William E.C. Morgan was a highly skilled wood engraver who was to become one of the principal protagionists of the re-introduction of original line engraving to England during the 1920's. Having been awarded the Prix de Rome for wood engraving in 1924, W.E.C.Morgan spent three years in Italy and it was there that he began line engraving on copper. He went on to produce some of the finest and most elaborate line engravings of the period. Fifty-one titles of his printed works have now been traced; however, examples of some of these works have yet come to light. Almost all of his fine line engravings date from the short period 1926 to 1932. Following the almost total collapse of the market for original prints, he turned away from printmaking save for one isolated work in 1938. In later life William E.C. Morgan retired to Switzerland.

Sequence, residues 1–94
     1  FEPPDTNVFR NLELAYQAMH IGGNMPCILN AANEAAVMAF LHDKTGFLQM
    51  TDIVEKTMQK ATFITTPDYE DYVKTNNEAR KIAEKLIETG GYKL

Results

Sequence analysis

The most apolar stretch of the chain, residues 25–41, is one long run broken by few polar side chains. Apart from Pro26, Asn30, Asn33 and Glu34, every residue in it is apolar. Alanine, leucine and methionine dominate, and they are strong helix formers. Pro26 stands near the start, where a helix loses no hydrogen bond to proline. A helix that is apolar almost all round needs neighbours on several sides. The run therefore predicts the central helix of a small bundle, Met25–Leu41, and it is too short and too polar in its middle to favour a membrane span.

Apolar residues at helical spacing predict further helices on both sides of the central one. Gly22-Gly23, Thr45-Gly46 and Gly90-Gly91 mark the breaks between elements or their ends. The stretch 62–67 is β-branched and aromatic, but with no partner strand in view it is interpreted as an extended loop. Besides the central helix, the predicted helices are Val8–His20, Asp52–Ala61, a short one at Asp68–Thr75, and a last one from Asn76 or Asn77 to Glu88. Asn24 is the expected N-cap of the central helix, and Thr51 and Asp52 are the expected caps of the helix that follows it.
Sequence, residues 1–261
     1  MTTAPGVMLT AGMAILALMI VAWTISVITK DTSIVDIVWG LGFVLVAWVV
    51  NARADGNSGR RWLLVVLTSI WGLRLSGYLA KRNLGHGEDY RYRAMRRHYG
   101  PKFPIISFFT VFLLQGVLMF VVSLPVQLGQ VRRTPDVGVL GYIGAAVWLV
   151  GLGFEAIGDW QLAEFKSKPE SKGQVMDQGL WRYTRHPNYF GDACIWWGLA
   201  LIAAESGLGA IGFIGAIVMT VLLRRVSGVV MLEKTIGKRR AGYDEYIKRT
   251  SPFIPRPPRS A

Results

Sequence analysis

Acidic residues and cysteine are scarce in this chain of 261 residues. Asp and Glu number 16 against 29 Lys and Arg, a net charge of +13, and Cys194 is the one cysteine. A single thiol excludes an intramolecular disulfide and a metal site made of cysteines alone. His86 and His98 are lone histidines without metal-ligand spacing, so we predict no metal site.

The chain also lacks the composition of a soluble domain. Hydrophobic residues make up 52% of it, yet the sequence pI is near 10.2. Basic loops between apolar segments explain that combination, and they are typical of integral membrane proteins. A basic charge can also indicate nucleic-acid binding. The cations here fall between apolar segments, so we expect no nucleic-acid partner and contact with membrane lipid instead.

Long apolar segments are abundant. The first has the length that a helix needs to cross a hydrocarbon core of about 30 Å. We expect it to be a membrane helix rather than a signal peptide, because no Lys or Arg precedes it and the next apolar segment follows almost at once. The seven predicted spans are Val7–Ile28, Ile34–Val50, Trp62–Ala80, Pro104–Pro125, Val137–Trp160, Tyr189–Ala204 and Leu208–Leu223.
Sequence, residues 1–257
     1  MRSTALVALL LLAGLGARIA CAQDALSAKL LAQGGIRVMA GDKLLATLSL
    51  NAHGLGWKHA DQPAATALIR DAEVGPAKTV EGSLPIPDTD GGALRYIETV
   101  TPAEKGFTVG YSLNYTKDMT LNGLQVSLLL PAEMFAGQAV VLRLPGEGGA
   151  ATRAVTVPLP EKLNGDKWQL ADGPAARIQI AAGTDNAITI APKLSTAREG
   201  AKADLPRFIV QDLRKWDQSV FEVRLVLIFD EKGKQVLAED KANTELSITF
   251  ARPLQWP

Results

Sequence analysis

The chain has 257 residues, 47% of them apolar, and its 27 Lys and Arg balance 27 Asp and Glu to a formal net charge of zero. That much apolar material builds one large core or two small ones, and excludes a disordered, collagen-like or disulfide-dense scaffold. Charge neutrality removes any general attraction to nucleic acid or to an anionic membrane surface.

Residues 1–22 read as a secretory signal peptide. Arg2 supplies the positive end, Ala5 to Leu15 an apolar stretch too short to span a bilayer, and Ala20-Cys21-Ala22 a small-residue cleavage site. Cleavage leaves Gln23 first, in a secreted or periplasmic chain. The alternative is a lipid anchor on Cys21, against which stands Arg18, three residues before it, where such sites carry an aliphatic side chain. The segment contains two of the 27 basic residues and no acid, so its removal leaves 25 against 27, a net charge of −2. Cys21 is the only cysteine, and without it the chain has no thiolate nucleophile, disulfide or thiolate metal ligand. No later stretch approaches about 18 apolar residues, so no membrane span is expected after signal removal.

As a printmaker William E.C. Morgan did not comply with contemporary developments in the art of line engraving and harboured a healthy dislike of what he considered to be the scratchy freedom of modern etching style. Instead, he preferred to nurture the old skills of fine line engraving, turning to the more serious outlook and the perfection of technique found during the Renaissance, his principal source of inspiration being the work of Albrecht Durer.
W.E.C.Morgan was a close friend of fellow Rome scholars Barbara Hepworth and John Skeaping, with whom he exhibited in shows dedicated exclusively to the work of these three artists.